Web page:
For all the debates, hand-wringing and opprobrium over WAR — the baseball stat, not the other kind — one thing has always been more or less understood. WAR (Wins Above Replacement) is a counting stat, meaning the metric is generally correlated with playing time. To rack up a large number of wins above replacement, one must first be on the field.
Which makes the following all the more impressive: Whit Merrifield has played in just 28 games and started just 27 this season. And according to the WAR formula found at BaseballReference.com, he has been the 34th most valuable player in the American League in 2016.
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Merrifield, a 27-year-old rookie second baseman, has been worth 1.6 bWAR in 28 games. Of the 33 players ahead of him, just four have played in fewer than 60 games. Just two — Tampa Bay’s Logan Forsythe and Kevin Kiermaier — have played in fewer than 40. Forsythe has been worth 2.1 bWAR in 39 games. Kiermaier, a defensive savant in center field, has been worth 1.7 bWAR in 38.
Houston’s Jose Altuve and Toronto’s Josh Donaldson are tied for first in the AL at 3.8 bWAR. Baltimore’s Manny Machado (3.7) is third, while Los Angeles’ Mike Trout (3.6) is fourth.
Here, of course, we can note the usual caveats for WAR, which attempts to quantify a player’s total contributions to his team. The formula includes defensive metrics that can often be unreliable in small sample sizes. The number also includes a positional adjustment that favors certain positions.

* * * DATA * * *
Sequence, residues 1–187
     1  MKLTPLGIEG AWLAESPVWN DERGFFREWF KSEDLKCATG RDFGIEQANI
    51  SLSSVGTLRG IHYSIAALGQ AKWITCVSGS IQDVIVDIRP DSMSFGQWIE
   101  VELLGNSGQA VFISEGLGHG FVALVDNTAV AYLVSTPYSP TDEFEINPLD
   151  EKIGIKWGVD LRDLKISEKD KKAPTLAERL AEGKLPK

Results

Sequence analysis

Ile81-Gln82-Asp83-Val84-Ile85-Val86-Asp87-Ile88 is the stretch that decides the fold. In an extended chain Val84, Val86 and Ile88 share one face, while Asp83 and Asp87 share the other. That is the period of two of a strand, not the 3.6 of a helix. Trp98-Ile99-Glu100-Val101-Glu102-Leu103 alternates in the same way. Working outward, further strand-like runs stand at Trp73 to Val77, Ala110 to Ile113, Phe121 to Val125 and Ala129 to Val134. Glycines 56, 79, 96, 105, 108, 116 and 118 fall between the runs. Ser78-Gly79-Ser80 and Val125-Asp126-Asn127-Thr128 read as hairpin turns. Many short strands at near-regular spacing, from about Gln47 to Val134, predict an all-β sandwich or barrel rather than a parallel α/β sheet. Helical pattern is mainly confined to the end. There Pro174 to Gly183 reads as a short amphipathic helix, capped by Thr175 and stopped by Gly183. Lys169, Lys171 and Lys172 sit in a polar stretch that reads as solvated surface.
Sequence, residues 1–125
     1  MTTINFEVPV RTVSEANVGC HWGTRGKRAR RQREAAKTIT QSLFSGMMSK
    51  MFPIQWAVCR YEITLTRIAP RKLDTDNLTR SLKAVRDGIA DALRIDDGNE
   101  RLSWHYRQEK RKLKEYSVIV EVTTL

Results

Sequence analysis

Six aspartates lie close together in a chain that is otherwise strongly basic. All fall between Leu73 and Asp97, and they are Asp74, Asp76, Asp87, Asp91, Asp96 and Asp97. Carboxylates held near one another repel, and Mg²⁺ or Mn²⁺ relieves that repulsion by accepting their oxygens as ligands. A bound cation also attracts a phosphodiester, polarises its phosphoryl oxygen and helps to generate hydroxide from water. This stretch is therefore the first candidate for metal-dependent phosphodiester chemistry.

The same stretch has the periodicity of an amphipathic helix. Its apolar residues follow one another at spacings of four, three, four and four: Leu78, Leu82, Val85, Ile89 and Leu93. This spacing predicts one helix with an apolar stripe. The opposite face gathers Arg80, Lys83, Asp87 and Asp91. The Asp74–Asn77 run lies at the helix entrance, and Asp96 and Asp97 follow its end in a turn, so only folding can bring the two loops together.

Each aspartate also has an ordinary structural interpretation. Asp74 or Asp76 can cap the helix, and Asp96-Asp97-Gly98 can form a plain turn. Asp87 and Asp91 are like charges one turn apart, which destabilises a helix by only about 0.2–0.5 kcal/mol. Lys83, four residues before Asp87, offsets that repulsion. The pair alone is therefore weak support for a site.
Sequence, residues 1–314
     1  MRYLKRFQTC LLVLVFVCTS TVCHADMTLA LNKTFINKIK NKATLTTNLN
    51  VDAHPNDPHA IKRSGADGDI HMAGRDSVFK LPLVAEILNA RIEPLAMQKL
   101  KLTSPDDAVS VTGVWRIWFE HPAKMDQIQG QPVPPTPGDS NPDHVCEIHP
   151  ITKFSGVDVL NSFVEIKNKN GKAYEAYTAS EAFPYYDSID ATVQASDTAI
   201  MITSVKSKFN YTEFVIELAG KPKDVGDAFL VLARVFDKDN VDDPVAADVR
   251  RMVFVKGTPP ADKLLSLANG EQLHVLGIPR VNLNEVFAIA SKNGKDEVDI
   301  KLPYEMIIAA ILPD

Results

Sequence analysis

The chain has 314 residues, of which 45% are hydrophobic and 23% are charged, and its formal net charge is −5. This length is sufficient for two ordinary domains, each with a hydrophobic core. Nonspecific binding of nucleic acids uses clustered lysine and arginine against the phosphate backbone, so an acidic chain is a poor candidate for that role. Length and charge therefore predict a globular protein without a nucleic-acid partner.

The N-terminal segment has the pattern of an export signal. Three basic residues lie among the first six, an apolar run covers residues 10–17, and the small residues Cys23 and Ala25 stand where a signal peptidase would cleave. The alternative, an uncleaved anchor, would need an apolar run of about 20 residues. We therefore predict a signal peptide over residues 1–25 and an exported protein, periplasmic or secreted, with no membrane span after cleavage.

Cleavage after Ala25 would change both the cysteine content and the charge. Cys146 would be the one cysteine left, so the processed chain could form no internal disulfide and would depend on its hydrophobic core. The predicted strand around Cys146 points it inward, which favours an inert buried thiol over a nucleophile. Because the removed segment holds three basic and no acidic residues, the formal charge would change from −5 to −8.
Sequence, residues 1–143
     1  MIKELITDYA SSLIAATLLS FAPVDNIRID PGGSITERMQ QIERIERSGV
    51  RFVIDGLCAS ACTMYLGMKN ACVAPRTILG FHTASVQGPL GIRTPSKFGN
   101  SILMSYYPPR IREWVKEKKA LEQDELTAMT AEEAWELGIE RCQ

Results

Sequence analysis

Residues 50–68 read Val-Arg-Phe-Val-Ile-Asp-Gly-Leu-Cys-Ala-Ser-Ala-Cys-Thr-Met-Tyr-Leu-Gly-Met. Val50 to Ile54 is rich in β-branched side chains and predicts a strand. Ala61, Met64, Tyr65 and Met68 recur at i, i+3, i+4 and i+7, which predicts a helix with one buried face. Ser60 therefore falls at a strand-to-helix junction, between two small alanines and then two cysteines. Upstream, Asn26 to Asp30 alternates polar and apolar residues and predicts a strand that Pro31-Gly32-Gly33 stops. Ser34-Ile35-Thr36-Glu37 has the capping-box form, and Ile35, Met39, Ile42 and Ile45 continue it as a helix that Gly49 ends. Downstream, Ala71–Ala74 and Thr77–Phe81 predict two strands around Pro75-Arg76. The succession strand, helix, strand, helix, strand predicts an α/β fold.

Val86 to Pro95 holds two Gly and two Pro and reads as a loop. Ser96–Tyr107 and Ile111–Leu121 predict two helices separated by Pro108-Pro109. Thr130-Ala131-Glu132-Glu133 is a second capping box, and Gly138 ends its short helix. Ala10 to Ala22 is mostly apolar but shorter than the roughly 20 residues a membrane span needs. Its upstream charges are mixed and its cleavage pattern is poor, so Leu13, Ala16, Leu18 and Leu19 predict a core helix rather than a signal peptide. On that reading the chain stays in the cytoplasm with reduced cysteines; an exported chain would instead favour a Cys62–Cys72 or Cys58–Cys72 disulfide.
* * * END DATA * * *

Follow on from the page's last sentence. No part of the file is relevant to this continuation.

Which is why some might dismiss the idea that, according to bWAR, Merrifield has been more valuable than Eric Hosmer (1.4 WAR) in 2016.
One reason: Hosmer has been worth -0.9 defensive wins above replacement. Merrifield, meanwhile, has been worth 0.8 dWAR in 28 games.
Looking at the numbers through the prism of Merrifield and Hosmer, you can perhaps take them with a few handfuls of salt. But still, it’s hard to argue that Merrifield hasn’t been one of the more valuable Royals in 2016. In 28 games, Merrifield has recorded more WAR than former second baseman Omar Infante did from the start of 2014 to the present. In 28 games, Merrifield has jumped into the thick of the Rookie of the Year race in the American League.
First, let’s look at where he ranks among the Royals. Entering Tuesday’s two-game set against the New York Mets, Merrifield was batting .333/.350/.483, piling up 14 extra-base hits and 21 runs scored in 28 games. If there is another surprise on the list, it’s Paulo Orlando, who caught fire over the last home stand and raised his average to .353 with 11 hits in his last 20 at-bats.
Meanwhile, here is where Merrifield ranks among American League rookies.
Whit Merrifield, KC
Nomar Mazara, Texas
Dae-ho Lee, Sea
Byung-ho Park, Min
Hyun Soo Kim, Balt.
Mazara, a 21-year-old right fielder, has hit .292/.336/.449 with 11 homers, five doubles in 62 games, emerging as an early favorite in the Rookie of the Year voting. His defense, however, has graded out as close to average, which has allowed Merrifield to pass him in bWAR in the last week.
At some point, of course, Merrifield will likely stop hitting .333. He has struck out 23 times while drawing just three walks. He is likely due for some regression. And yet, in half the playing time, he has been one of the best rookies in the American League. With 93 games left, he will have an opportunity to make his case.